Let them eat cake

By Isaac Simon

(sk / Flickr)

One case on the docket for the Supreme Court this fall, Masterpiece Cakeshop v. Colorado Civil Rights Commission, is the most recent instance where the debate over discrimination has clashed with the religious freedoms that are protected by the First Amendment.

The particulars of the case are as follows. Jack Phillips owns a bakeshop in Lakewood, Colorado. He views his cakes as masterpieces that transcend their original medium, taking on a deeper meaning. For him, it’s an art form, a way of expressing himself. It was this, along with his deep religious convictions, that led him to deny service to David Mullins and Charlie Craig, a gay couple in search of a baker for their wedding cake. Citing discrimination, Craig and Mullins filed a civil rights lawsuit arguing that they were being denied service because of who they were.

That was five years ago. Since then, gay marriage has been declared a constitutional right, applying to all 50 states. So far, the Colorado State of Appeals has ruled against Phillips, deciding that his First Amendment protections were not being violated by the couple’s request. Given the current ideological breakdown of the Supreme Court, with Justice Anthony M. Kennedy likely to be the deciding swing vote, it remains to be seen how the still newly-established court, with the fresh face of Neil Gorsuch, will rule.

What is crucial is how First Amendment protections are applied and understood. According to an article in The Times, “The court added that people seeing the cake would not understand Mr. Phillips to be making a statement and that he remained free to say what he liked about same-sex marriage in other settings.” This is important. There is a fundamental difference between the physical act of speech, something Phillips isn’t being denied, and this “symbolic speech” that is at play here, based on Phillips’ interpretation of baking a cake and the implications it has on the principles of his business.

As previously mentioned, this case will ultimately come down to the swing vote of Justice Kennedy. Recently, Kennedy has leaned toward the side of same sex marriage,  writing the court’s majority 5-4 opinion in Obergefell v. Hodges, the case where it was declared a right. He wrote that there will be “an open and searching debate” between supporters and opponents of gay-marriage.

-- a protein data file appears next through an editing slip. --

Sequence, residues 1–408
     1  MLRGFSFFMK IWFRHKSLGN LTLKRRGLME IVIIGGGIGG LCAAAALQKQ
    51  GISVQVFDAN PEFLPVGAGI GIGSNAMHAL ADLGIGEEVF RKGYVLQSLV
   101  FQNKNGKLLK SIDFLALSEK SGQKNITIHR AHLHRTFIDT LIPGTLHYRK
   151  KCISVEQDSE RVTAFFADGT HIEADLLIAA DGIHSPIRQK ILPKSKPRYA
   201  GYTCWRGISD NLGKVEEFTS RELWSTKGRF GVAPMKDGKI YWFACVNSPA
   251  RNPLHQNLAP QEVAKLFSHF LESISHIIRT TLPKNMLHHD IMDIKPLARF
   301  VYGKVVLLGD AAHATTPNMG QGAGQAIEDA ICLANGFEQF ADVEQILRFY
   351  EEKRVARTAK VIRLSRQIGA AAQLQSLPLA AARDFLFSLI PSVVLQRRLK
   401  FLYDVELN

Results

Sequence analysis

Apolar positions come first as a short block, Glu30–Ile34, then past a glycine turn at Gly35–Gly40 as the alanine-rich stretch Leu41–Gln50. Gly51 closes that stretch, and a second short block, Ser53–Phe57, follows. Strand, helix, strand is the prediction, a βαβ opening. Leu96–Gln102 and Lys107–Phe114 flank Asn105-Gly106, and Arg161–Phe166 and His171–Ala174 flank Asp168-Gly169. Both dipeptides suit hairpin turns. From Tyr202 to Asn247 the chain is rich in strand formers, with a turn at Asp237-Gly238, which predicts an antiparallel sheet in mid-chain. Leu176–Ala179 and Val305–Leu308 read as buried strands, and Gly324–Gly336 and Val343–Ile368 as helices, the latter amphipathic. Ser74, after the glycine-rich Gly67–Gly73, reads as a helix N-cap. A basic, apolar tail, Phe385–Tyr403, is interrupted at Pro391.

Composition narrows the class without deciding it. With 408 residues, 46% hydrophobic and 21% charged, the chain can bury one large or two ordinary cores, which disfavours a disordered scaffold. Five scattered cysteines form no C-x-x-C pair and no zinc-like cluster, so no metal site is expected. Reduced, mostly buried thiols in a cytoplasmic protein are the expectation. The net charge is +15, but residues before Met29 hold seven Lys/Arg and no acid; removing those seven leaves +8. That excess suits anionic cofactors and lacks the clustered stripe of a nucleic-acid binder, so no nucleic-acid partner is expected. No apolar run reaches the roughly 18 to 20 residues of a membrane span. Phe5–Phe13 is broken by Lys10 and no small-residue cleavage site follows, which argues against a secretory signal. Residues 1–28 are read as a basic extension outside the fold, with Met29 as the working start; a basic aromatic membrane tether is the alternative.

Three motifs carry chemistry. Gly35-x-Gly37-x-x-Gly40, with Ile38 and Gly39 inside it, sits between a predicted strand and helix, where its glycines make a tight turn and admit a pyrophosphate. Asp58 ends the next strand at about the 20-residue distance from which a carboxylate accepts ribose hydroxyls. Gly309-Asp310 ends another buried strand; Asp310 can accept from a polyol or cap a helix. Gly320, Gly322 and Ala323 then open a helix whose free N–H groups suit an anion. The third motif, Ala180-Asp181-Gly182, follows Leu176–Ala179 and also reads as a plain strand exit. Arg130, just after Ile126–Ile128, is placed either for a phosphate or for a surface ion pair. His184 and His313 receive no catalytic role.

The conversation in the media regarding this issue has allowed for Phillips to make a case that exudes a religious objection (as opposed to a racial one for example) in order to maintain his own personal convictions which he believes are worthy of First Amendment protections. But this case isn’t any different from denying an orthodox Jewish couple a cake on the religious belief that the Jews killed Jesus or a bi-racial couple on a religious belief against interracial marriage.

However, if one believes that the government should keep their hands out of the private affairs of business, then discrimination doesn’t matter. But that does not mean it is legal, constitutionally permissible or acceptable.

The group that is defending Phillips is the Alliance Defending Freedom, a conservative group with a strong Christian background. The group filed a brief to the Supreme Court where it outlined the courts rich history in siding with proponents of the First Amendment, citing the 1977 precedent Wooley v. Maynard which said that the state of New Hampshire could not force its citizens to display its “Live Free or Die” motto on its license plates. The Alliance Defending Freedom also wrote, that a cake is “the iconic centerpiece of the marriage celebration.” Exactly, and that’s why Mullins and Craig are entitled to theirs too.

Isaac Simon is a Collegian columnist and can be reached at [email protected]